This is also more of a concern with male Bettas. The chances of female Bettas taking issue with your Neon Tetras is much lower due to their more passive nature, so your Tetras are far more likely to be welcomed into a female Betta’s tank.
When adding both to the tank at the same time, keep as many objects between them as possible to avoid a staring contest before they’re released.
Otherwise, you risk the first instincts being to rush towards one another, either to attack or just out of curiosity, which could be mistaken for aggression anyway.
Diet: What to feed to Neon Tetras and Betta Fish
One of the reasons Bettas and Neon Tetras work well as a pairing is diet. Bettas are carnivorous and Neon Tetras are omnivores, which means that as the Betta feeds at the surface, they’ll happily devour food that floats down to their usual spot in the middle of the tank.
Bettas love pellets, flakes, freeze-dried, live, and frozen foods which are protein-rich. Your Neon Tetras will happily help out at mealtimes if you have the right food for both.
With a solitary Betta the best advice is to avoid over-feeding by only using as much food as they can eat in two minutes, but with a school of greedy Neons around this isn’t going to be an issue. Ideally, you’d also keep shrimp and snails to clean up the leftovers at the bottom of the tank for the perfect feeding hierarchy!
- Best Betta Food – The Ultimate Guide to Feeding Your Betta
- What do Neon Tetras Eat? Neon Tetra Feeding Guide
Why is my Betta fish chasing my Tetras?
Bettas as a species can be aggressive – there’s a reason they’re commonly known as Siamese Fighting Fish. They’re often territorial and although they can often live happily with Neon Tetras, it’s difficult to know in advance whether they’ll get along.
As above, if all your fish are added to the tank together it’s less likely there will be any dispute over territory.
A betta who has been in a tank for a significant amount of time is naturally more likely to object to a school of Neons moving in, so try to add them in at the same time or add a betta to a Neon Tetra tank.
If your Betta does act aggressively towards your Neons, there’s not much need to worry in the short term.
There’s very little chance of the less agile Betta catching the nimble Neon Tetra, so they’ll probably get bored of trying. Long term however, it’s better to separate them if the Betta’s behavior doesn’t settle within a few days.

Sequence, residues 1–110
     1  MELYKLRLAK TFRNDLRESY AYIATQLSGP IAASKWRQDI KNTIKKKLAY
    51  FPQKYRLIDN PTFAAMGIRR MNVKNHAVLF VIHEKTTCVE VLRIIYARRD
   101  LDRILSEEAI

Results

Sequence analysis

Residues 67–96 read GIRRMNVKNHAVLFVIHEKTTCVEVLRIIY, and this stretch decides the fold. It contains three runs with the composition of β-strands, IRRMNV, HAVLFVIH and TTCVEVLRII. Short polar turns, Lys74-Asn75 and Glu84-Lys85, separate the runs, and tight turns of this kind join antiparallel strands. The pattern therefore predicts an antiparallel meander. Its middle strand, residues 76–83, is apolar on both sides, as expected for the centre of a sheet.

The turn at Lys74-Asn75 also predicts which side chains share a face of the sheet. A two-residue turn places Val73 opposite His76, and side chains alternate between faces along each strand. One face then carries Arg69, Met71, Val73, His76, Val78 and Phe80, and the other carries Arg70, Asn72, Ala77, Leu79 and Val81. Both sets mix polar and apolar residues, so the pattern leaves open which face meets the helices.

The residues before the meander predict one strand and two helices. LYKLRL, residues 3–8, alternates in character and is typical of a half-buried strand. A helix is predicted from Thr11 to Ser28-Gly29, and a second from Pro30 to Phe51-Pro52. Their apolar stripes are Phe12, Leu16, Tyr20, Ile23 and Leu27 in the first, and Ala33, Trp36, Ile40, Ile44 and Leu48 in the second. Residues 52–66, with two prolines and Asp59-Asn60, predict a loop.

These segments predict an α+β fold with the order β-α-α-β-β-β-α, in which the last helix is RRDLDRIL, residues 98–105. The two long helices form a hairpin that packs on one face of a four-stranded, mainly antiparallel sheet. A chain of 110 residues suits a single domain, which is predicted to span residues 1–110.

This can be done by simply setting up another tank, or by adding a tank divider like this one.
If you’re adding Neon Tetras to a tank that already belongs to a Betta, make sure they’re not too young (or more accurately, too small).
Juveniles are far more likely to be seen as a snack for the carnivorous Betta, but then they never grow big enough to intimidate the sometimes-hostile Betta.
Of course, even though they’re a very docile and peaceful species, there’s always the possibility that it may be the Neons that cause trouble… see below!
How do I stop my Neon Tetras fin nipping my Betta?
Fin nipping is a sign of stress, and Neon Tetras tend to be happier in larger schools. If your Neons are nipping at the magnificent fins of your Betta, you can add more to the group to stop this behavior.
However, this isn’t a reason to overload your tank, so only introduce more Neons if you have the space to accommodate them.
Read more: How do you treat clamped fins on a Betta?
This is the reason I recommended a bigger tank than the minimum required for the number of fish you have because you don’t want to overload the tank if you need to add more.
As above, the golden rule is one gallon per inch of fish, and an adult Neon Tetra will grow to around 1.5 inches.
If this isn’t an option, my advice is to rehouse the Betta.
Moving a single Betta to a smaller tank is easier than moving a school of ten or more speedy Neon Tetras. Also, as the Betta requires less space anyway, it makes sense to set up a smaller tank which will be less costly and take up less room in your home.
If this is your plan, remember to always cycle your tank properly before you move your Betta. As tempting as it might be to take them out of the firing line, it’s kinder to your fish to wait a few weeks than move them into a tank before it’s ready.
There are of course ways to speed up the cycling process and FishLab have an excellent article here to explain the ins and outs.
Although regarded as an aggressive species, Betta fish can live with Neon Tetras if the two are introduced to a tank at the same time, or if the Betta is added to an established Neon Tetra tank. If done the other way round, the Betta may become territorial and attack the Neons, so this is best avoided.